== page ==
Property Agents: Fees and Responsibilities

During the rental process, the tenant or landlord (or both) may engage the services of property agents. Known as the tenant’s agent (or buyer’s agent) and the landlord’s agent (or seller’s agent) respectively, these two representatives have different responsibilities. In this article, we’ll discuss their roles, fee structure, and whether you really need to hire a middleman at all.

Use the links below to jump to the relevant sections of the guide!

I'm a Tenant

I'm a Landlord

I'm a tenant

As the name implies, the tenant’s agent is engaged by you, the tenant to help you during the rental process. The tenant’s agent can help you save time and money and be an invaluable resource of information and advice for you.

The responsibilities of the tenant’s agent include, but are not limited to the following:

  • Conduct property listing research that matches your requirements
  • Call up the landlords and landlords’ agents for enquiries
  • Shortlist some of the best listings and recommend them to you
  • Help you, the tenant schedule and co-ordinate property viewings
  • Advise you on the going rental rates for the property type that you’re looking at
  • Negotiate with the landlord or landlord’s agent on your behalf
Tenant’s agent commission

If you, the tenant has engaged a property agent to serve as tenant’s agent, you’ll pay a commission according to the final agreed rental rate and lease period. Do note that property agents’ commissions in Singapore are entirely market-driven and no regulations on how much commission you should be paying have been officially stipulated.

If you didn’t sign a binding lease with any of the properties which your agent has recommended by the end of the period of his service (a period that has been mutually agreed upon before he started acting as your agent), you’re not required to pay him for any of the services rendered.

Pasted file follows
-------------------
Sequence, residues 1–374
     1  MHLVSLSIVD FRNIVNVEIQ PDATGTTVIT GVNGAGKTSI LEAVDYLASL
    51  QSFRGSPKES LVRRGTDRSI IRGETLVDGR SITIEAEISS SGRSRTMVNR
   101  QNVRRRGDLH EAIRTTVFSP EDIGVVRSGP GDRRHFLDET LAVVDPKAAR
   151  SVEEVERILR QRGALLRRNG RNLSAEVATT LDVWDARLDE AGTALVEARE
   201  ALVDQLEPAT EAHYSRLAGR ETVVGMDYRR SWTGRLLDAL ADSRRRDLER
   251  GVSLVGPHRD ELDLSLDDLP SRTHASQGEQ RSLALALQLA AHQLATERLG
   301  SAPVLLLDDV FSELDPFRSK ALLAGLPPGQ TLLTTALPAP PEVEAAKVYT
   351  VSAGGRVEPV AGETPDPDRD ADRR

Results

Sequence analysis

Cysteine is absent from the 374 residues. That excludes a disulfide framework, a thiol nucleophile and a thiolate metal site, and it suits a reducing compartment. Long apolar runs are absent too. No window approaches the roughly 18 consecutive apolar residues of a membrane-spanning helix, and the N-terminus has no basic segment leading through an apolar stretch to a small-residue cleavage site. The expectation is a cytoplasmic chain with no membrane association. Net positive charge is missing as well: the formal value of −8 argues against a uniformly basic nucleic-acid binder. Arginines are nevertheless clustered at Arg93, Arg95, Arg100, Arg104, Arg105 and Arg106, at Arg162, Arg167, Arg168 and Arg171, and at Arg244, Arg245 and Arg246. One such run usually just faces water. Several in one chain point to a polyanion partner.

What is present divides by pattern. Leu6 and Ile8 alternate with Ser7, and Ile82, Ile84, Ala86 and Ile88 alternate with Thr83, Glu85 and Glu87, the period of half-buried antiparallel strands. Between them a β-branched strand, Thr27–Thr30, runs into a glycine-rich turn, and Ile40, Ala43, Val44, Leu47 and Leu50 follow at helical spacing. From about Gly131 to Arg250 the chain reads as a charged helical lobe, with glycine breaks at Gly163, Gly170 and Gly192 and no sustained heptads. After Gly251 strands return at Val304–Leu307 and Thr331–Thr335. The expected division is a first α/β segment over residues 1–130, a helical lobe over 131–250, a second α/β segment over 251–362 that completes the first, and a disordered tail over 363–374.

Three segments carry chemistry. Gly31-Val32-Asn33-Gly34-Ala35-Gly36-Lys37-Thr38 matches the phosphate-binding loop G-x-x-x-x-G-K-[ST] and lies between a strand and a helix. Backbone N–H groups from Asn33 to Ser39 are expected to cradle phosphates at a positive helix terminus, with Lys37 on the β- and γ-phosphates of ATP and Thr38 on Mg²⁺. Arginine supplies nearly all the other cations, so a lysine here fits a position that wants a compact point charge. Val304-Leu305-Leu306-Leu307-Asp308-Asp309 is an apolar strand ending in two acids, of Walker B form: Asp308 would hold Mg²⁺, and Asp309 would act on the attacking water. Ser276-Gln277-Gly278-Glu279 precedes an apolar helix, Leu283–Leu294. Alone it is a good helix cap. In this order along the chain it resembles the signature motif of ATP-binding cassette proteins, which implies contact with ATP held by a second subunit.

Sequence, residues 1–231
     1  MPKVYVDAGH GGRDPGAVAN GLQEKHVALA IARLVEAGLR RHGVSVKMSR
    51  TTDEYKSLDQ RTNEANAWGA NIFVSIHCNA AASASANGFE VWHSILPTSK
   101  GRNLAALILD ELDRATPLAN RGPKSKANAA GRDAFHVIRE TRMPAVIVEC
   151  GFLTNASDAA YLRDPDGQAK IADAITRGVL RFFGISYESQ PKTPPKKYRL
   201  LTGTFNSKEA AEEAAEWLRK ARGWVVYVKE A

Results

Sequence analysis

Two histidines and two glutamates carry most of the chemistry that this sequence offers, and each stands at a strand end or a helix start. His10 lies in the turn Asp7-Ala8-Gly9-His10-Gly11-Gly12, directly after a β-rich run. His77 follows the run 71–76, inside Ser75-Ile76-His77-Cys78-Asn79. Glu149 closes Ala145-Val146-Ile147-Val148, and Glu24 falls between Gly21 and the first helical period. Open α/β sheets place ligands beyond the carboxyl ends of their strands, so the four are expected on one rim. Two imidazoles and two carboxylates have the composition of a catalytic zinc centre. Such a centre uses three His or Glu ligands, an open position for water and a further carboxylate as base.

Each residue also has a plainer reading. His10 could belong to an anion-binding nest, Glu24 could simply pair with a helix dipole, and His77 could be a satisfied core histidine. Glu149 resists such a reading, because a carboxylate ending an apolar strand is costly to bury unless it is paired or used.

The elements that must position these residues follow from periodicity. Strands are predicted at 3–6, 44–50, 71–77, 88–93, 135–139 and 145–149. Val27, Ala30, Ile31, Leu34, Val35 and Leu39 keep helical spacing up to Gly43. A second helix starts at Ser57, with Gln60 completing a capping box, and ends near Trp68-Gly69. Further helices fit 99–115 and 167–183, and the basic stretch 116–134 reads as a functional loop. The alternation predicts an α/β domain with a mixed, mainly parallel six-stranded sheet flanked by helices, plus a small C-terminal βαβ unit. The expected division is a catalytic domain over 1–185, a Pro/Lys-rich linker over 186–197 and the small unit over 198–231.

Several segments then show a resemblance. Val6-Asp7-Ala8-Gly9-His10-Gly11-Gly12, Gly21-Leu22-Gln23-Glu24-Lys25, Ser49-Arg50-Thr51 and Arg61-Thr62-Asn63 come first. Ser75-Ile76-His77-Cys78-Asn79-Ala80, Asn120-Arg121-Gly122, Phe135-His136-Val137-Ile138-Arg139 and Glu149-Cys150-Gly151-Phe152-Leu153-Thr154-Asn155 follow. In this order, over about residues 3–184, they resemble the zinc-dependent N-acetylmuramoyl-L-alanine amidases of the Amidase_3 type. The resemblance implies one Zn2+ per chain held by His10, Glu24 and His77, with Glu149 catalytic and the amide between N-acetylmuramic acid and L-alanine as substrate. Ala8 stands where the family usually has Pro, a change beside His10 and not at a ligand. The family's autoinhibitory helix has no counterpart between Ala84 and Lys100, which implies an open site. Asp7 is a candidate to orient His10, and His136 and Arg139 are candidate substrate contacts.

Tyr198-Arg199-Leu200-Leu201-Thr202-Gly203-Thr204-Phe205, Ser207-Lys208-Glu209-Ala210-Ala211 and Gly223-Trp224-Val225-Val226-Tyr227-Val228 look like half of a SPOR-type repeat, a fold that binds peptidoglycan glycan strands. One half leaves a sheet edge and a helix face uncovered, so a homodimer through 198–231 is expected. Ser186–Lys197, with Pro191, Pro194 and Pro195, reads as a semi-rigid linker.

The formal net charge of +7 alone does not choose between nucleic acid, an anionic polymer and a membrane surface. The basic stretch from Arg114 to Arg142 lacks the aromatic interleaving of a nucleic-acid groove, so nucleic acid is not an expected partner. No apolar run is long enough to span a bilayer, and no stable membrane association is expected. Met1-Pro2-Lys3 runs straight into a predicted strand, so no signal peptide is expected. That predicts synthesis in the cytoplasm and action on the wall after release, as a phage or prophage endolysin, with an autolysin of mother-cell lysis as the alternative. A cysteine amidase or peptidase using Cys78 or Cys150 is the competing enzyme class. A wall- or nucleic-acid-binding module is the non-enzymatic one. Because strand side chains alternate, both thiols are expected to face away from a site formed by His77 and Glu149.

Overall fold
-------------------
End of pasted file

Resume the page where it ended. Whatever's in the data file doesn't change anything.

However, this doesn’t mean that you can exploit him or waste his time without any real intention of renting through him. The following is a guide on how much commission you can be paying your agent.

When negotiating with the landlord or landlord’s agent directly, a crucial first question to ask when enquiring about a listing is ‘Are you the owner/landlord’s agent?’. This is to ensure that you know clearly whom you’re dealing with.

If you’re dealing with a landlord’s agent, it’s good to ask ‘Do I need to pay you a commission?’ Typically, you do not need to pay the landlord’s agent any commission. Below are more details on a tenant's agent commission:

  • Above $3500 in rent, 2-year lease
    The tenant doesn't pay. The landlord pays 1 month rent.

    If there’s only a landlord’s agent (that is, the tenant contacts and deal with the landlord’s agent directly and doesn’t have any tenant’s agent representing him), the landlord’s agent keeps the full commission.

    If you, the tenant has engaged a tenant’s agent, the 1 month’s rental is usually evenly shared between the landlord’s agent and tenant’s agent.

  • Above $3500 in rent, 1-year lease
    The tenant pays half a month's rental. The landlord pays half a month's rental.

    If there’s only a landlord’s agent, the landlord’s agent keeps the fulls commission.

    If you, the tenant has engaged a tenant’s agent, he will collect half a month’s rental from you. If you didn’t hire a tenant’s agent, you don’t have to pay at all.

  • Less than $3500, 1-year lease
    The landlord’s agent collects half a month’s rental from the landlord.

    If you, the tenant have a tenant’s agent, he will collect half a month’s rental from you. If you didn’t engage an agent, you don’t have to pay at all.

  • Less than $1000 in rent
    The tenant pays half a month's rental.